Penalba, Markel
(2018)
Design, validation and application of
wavetowire models for heaving point absorber
wave energy converters.
PhD thesis, National University of Ireland Maynooth.
Abstract
Ocean waves represent an untapped source of renewable energy which can significantly contribute
to the energy transition towards a sustainable energy mix. Despite the significant potential of this
energy source and the multiple solutions suggested for the extraction of energy from ocean waves,
some of which have demonstrated to be technically viable, no commercial wave energy farm has
yet been connected to the electricity grid. This means that none of the technologies suggested in
the literature has achieved economic viability.
In order to make wave energy converters economically viable, it is essential to accurately understand
and evaluate the holistic behaviour and performance of wave energy converters, including
all the different conversion stages from ocean waves to the electricity grid. This can be achieved
through wave tank or open ocean testing campaigns, which are extremely expensive and, thus,
can critically determine the financial sustainability of the developing organisation, due to the risk
of such large investments. Therefore, precise mathematical models that consider all the important
dynamics, losses and constraints of the different conversion stages (including wavestructure
hydrodynamic interaction and power takeoff system), known as wavetowire models, are crucial
in the development of successful wave energy converters. Hence, a comprehensive literature review
of the different mathematical approaches suggested for modelling the different conversion
stages and existing wavetowire models is presented, defining the foundations of parsimonious
wavetowire models and their potential applications.
As opposed to other offshore applications, wave energy converters need to exaggerate their
motion to maximise energy absorption from ocean waves, which breaks the assumption of small
body motion upon which linear models are based. An extensive investigation on the suitability of
linear models and the relevance of different nonlinear effects is carried out, where control conditions
are shown to play an important role. Hence, a computationally efficient mathematical model
that incorporates nonlinear FroudeKrylov forces and viscous effects is presented. In the case
of the power takeoff system, mathematical models for different hydraulic transmission system
configurations and electric generator topologies are presented, where the main losses are included
using specific loss models with parameters identified via manufacturersâ€™ data. In order to gain
confidence in the mathematical models, the models corresponding to the different conversion stages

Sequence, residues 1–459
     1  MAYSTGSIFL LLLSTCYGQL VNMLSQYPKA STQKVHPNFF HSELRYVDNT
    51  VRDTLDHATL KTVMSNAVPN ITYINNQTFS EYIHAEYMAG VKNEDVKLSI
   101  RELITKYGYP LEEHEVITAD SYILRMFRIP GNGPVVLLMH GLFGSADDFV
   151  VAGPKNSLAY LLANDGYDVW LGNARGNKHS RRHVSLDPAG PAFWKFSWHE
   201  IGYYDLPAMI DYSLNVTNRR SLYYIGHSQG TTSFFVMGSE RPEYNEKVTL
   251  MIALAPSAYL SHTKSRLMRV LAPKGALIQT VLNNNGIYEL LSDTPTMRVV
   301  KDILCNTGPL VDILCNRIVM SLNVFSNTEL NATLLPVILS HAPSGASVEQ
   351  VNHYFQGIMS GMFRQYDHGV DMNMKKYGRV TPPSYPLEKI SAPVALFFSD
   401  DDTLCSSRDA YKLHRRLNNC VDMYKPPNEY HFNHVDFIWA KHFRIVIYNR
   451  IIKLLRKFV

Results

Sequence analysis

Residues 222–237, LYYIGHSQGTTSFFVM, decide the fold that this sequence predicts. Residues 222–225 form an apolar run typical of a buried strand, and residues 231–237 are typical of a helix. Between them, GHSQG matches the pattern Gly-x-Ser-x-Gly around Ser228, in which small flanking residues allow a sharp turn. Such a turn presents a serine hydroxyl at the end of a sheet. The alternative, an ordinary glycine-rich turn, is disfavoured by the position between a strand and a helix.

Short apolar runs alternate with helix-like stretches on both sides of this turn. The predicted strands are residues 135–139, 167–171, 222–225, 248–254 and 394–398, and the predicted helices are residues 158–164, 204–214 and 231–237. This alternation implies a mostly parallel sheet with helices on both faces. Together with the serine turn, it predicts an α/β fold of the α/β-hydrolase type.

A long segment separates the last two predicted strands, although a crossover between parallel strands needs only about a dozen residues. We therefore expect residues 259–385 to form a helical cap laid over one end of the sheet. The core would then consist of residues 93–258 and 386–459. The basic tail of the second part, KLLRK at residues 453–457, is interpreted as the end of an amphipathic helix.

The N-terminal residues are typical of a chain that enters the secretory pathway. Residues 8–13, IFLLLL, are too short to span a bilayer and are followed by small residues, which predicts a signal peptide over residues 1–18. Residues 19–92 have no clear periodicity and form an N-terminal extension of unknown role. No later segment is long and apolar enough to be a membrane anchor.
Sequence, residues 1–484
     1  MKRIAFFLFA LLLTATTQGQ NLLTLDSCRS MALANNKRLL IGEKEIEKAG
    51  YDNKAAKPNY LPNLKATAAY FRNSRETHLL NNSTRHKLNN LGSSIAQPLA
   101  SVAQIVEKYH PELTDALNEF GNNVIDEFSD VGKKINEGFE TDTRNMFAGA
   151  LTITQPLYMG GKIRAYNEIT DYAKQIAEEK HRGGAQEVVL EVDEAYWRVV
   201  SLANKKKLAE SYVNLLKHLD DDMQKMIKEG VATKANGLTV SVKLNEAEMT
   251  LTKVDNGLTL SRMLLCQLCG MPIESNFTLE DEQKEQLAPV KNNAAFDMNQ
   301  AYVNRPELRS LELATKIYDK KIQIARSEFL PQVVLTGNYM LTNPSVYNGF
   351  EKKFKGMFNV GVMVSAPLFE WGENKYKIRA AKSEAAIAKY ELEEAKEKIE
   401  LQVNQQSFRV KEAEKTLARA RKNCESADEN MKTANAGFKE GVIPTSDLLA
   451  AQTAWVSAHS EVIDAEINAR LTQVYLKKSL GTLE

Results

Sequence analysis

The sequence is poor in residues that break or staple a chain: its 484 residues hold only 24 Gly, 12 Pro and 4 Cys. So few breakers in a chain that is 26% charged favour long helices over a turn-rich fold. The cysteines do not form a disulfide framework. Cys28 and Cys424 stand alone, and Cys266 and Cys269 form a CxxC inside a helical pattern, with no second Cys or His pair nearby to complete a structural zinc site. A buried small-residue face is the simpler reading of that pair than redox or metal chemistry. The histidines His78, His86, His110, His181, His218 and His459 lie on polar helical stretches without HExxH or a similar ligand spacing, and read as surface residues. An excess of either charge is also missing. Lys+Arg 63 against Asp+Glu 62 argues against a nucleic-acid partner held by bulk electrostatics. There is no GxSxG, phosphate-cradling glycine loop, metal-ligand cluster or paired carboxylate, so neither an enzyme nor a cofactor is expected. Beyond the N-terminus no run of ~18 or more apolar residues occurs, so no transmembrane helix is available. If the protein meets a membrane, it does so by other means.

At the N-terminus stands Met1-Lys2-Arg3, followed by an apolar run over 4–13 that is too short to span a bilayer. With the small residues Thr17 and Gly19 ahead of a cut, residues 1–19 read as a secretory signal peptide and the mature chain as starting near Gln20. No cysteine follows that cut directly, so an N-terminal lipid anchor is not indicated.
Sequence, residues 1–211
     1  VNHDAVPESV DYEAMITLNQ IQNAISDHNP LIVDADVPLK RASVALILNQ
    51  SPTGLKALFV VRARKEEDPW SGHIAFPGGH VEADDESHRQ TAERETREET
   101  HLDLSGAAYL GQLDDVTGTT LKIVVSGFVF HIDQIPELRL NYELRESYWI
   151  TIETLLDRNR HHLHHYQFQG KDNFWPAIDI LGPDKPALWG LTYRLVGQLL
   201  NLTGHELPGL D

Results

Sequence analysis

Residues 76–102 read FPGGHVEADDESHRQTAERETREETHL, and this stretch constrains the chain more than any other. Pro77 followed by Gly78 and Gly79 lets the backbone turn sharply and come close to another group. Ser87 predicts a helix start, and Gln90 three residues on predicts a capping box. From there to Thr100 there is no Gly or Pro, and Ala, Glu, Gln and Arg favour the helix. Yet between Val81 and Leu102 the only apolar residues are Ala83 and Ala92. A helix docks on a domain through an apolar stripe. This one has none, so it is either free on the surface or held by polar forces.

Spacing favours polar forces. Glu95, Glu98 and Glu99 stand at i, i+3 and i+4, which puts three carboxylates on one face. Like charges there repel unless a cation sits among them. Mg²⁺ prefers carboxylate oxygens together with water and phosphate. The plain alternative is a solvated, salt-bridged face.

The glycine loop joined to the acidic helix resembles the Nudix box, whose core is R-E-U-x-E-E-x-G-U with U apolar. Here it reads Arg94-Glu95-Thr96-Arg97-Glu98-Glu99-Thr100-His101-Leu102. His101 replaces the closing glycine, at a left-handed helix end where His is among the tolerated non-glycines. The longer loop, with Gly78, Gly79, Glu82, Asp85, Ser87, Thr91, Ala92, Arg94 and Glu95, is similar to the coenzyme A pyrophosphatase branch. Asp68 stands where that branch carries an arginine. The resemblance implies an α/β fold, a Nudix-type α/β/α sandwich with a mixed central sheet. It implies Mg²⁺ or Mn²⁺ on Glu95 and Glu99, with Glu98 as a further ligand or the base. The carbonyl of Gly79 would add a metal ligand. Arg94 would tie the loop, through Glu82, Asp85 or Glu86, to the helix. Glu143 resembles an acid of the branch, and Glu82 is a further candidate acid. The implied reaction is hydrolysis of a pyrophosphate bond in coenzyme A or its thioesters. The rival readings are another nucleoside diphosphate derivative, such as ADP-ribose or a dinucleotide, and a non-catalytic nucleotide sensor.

are validated separately against either highfidelity wellestablished software or experimental
results, showing very good agreement.
The main objective of this thesis is the development of a comprehensive wavetowire model.
This comprehensive wavetowire model is created by adequately combining the subsystems corresponding
to the different components or conversion stages. However, timestep requirements
vary significantly depending on the dynamics included in each subsystem. Hence, if the timestep
required for capturing the fastest dynamics is used in all the subsystems, unnecessary computation
is performed in the subsystems with slower dynamics. Therefore, a multirate timeintegration
scheme is implemented, meaning that each subsystem uses the sample period required to adequately
capture the dynamics of the components included in that conversion stage, which significantly
reduces the overall computational requirements. In addition, the relevance of using a highfidelity
comprehensive wavetowire model in accurately designing wave energy converters and assessing
their capabilities is demonstrated. For example, energy maximising controllers based on excessively
simplified mathematical models result in dramatic consequences, such as negative average
generated power or situations where the device remains stuck at one of the endstops of the power
takeoff system.
Despite the reasonably highfidelity of the results provided by this comprehensive wavetowire
model, some applications require the highest possible fidelity level and have no limitation
with respect to computational cost. Hence, the simulation platform HiFiWEC, which couples a
numerical wave tank based on computational fluid dynamics to the highfidelity power takeoff
model, is created. In contrast, low computational cost is the main requirement for other applications
and, thus, a systematic complexity reduction approach is suggested in this thesis, significantly
reducing the computational cost of the HiFiWEC platform, while retaining the adequate fidelity
level for each application. Due to the relevance of the nonlinearity degree when evaluating
the complexity of a mathematical model, two nonlinearity measures to quantify this nonlinearity
degree are defined. Hence, wavetowire models specifically created for each application are generated
via the systematic complexity reduction approach, which provide the adequate tradeoff
between computational cost and fidelity level required for each application.
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